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Old 02-03-2015, 02:26 PM   #1
dunnery
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Swapping distros


Hey guys, what's the best way to try out distros? Do I completely reinstall each time I want to change a distro and if so, would nt that wipe all my data? Or does my personal data , text files etc etc stay on the system and only the distro changes?

My Linux computer comes today and it has Ubuntu installed which I believe is a very popular and stable system but I really want to check out the so evolve distro because it looks fantastic and the reviews were very favorable. BUT I was warned on this forum not to get involved with beta distros until I know what I'm doing.

Does swapping distros erase all data ?
 
Old 02-03-2015, 02:33 PM   #2
jailbait
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Quote:
Originally Posted by dunnery View Post
Hey guys, what's the best way to try out distros?
Set up several partitions and install each new distribution as a dual boot. Do not wipe out an old distribution until you have the latest distribution working. Put your data on a partition where it can be shared between several distributions and never wipe out your data.

Back everything up daily and keep backups at least three deep.

----------------------
Steve Stites

Last edited by jailbait; 02-03-2015 at 02:35 PM.
 
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Old 02-03-2015, 02:42 PM   #3
suicidaleggroll
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Or just use VMs to try other other distros.
 
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Old 02-03-2015, 02:43 PM   #4
273
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I would suggest setting up a partition for anything you want to keep (I call it "data" but the name is not relevant) though, of course, you should be backing up all important data anyhow.
Then you can either install dual-boot or just one at once.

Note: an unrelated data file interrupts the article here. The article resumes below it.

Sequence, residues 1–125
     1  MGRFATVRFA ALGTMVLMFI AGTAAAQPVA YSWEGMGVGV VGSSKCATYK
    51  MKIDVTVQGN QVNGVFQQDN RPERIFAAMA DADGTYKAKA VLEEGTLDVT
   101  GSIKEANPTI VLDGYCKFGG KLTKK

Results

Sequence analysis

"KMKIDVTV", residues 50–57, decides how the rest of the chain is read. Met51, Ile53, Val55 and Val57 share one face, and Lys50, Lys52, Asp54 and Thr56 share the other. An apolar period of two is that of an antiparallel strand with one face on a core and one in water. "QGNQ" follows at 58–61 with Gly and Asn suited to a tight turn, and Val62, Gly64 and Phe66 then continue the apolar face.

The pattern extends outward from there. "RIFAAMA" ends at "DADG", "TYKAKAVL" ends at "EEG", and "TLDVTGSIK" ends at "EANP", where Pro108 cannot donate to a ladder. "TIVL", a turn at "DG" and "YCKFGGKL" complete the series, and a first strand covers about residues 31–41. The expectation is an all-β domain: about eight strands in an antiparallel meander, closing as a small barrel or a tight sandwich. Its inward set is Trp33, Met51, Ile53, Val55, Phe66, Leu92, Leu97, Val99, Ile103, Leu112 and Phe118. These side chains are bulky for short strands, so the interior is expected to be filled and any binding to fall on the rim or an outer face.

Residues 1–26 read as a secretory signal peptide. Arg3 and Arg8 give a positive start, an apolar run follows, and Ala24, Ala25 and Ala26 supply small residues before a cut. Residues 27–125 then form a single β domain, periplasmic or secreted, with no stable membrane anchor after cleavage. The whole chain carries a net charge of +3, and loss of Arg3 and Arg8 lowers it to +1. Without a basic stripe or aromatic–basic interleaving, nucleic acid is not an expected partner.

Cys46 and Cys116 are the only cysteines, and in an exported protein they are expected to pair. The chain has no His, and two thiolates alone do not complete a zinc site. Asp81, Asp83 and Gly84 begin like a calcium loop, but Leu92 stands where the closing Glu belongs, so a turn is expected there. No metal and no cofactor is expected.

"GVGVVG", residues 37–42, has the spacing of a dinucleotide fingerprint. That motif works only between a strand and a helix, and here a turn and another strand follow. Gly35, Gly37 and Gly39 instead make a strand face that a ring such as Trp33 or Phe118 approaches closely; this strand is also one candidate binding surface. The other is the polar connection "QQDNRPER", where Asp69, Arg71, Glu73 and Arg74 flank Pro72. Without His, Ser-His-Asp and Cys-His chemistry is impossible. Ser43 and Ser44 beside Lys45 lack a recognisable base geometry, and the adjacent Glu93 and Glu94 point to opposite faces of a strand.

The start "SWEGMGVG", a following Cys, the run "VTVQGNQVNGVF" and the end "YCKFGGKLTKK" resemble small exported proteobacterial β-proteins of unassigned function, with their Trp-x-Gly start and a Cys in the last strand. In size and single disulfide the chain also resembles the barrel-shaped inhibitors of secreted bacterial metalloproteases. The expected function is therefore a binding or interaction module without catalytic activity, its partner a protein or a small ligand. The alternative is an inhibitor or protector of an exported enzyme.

It is possible to share a /home/ directory (using a partition for it) between distributions but I would recommend you don't do it as there can be problems with version conflicts.
 
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Old 02-03-2015, 02:48 PM   #5
salasi
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Quote:
Originally Posted by dunnery View Post

Does swapping distros erase all data ?
Well, it needn't, if you do it right. The VM idea, mentioned earlier, is one sensible way forward, another is to try out live CDs/DVDs until you think a distro is a 'keeper', and another is to keep a partition for all your 'user data' and let all distros that you install share it (if you have a hierarchy whereby all your personal data is stored in something like /home/username/data or /home/username/documents, if you prefer, then, if /home/username/whatever is on a separate partition, that can be mounted on each individual distribution, when you log in).

edit:
the post by 273 covers the same ground as mine, but hadn't seen that when I started typing, otherwise I wouldn't have bothered...

Last edited by salasi; 02-03-2015 at 02:50 PM.
 
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Old 02-03-2015, 03:47 PM   #6
Fritz_Monroe
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Originally Posted by 273 View Post
I would suggest setting up a partition for anything you want to keep (I
It is possible to share a /home/ directory (using a partition for it) between distributions but I would recommend you don't do it as there can be problems with version conflicts.
Great suggestions already. I'll second this one. I've done this in the past when I was pretty new to Linux. I thought that home was home. But different distros have different versions of apps. Things are handled differently between distros. It's a great idea to make another partition to hold your data.
 
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Old 02-03-2015, 04:39 PM   #7
Head_on_a_Stick
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Use the live version.
 
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